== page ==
On Thursday morning, I’m going to start the new year with my friend Shawn Smucker’s book The Day The Angels Fell. It seems so fitting to break my fast from reading books by men with a book about a young boy on a journey written by a man who looks beyond stereotypes and “roles” and see individuals. I am eager.
Yet, I want to be sure not to lose the insights from this focus on women’s writing. My year of reading women has opened me to all kinds of insights about my own preferences for reading and about the way our culture still stereotypes writing by women as being about only domestic topics.
About myself, I learned that my favorite writers – the ones whose words sound gongs of recognition and insight in my spirit – are women: Anne Lamott, Kathleen Norris, Toni Morrison, A. S. Byatt, Margaret Atwood, Audre Lord, Louise Erdrich, Zadie Smith, Annie Dillard. I might add Claire Messud to that list now, too.
I’ve also learned that at this point of early middle-age I am craving books by women who are writing from this place in their own lives – books that are honest about the challenges of an aging body, about being childless when most everyone has children, about STILL not having it all figured out. (By the way, I’m getting some of these stories at the wonderful journal Full Grown People.) I want more diversity in the stories that make it to print in general, but particularly in the stories that women tell.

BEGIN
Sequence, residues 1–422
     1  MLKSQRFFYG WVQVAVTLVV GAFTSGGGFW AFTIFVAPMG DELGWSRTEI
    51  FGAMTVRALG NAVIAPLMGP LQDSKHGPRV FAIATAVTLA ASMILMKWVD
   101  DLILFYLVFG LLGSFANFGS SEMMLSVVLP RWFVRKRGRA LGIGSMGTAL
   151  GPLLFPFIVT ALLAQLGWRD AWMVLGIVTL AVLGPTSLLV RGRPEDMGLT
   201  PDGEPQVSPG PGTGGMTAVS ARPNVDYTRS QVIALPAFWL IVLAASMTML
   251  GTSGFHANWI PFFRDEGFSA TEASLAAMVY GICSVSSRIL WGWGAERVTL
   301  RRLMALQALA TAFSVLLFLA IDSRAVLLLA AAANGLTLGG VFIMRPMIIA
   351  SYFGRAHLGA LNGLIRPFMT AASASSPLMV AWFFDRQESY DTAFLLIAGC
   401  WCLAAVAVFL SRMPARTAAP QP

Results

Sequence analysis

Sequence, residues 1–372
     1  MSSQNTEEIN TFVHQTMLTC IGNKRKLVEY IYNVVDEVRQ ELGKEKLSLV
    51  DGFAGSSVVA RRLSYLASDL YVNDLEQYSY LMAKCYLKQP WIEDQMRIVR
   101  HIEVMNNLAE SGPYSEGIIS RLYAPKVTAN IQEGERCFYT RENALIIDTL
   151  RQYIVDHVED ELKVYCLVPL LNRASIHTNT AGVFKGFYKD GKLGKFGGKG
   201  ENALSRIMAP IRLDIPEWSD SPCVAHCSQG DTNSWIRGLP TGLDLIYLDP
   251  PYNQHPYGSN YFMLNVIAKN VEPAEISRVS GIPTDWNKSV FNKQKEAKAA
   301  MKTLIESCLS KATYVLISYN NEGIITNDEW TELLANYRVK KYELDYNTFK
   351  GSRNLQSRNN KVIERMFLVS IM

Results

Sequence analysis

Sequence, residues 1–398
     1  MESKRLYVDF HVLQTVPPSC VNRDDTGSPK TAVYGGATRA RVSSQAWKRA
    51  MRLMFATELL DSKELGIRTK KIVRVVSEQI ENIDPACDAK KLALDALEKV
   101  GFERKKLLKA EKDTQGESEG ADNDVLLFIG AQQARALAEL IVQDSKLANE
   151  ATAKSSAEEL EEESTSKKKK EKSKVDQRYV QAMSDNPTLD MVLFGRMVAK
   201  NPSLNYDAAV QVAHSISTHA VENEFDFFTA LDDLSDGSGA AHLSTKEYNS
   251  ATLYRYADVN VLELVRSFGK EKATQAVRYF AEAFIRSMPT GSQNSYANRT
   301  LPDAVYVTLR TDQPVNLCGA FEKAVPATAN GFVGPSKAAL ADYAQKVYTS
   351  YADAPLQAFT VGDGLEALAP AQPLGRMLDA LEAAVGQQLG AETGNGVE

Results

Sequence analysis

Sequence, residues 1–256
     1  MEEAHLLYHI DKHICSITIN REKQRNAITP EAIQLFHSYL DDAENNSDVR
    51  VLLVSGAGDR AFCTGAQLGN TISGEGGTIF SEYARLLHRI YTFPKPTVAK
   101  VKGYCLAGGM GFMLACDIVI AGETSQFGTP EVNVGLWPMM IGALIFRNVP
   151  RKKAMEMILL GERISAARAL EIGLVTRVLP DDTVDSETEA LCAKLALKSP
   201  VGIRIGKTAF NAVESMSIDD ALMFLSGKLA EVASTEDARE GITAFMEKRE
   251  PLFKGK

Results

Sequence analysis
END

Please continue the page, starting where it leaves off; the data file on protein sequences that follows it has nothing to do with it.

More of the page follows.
Finally, I was reminded that writing by women is vast and various as snowflakes. That while the publishing industry may lean toward publishing “chick lit,” which I do enjoy from time to time, there is more to women’s writing than “easy” stories and romance because, well, there is more to our lives. So much more.
So while I’ll be allowing the work of men to drift back into my reading more often, I’m going to read more women’s work, my singular attempt to balance the skew toward men’s work as “normal” or “neutral” by showing that what we as women say matters to everyone, not just to other women.
You can see all the books I read in 2014 here. (A couple men snuck in there – Ed Cyzewski and Preston Yancey because I got review copies, and I did sneak a few pages of Billy Coffey‘s new book, too.) In total, I read 40 books (10 short of my goal), and 36 of those were by women. Not too bad.
How did your reading list for 2014 look? What are your favorite writers who are women? What do you think our culture says about women writers? Any works about women in mid-life that you’d recommend?
Seats in the Painted Steps Writers Group are filling up for February – only 8 spaces remain. Sign up for your today to work in community, receive gentle accountability, and get that noodge we all need to finish our drafts. More details here – http://www.andilit.com/painted-steps-writers/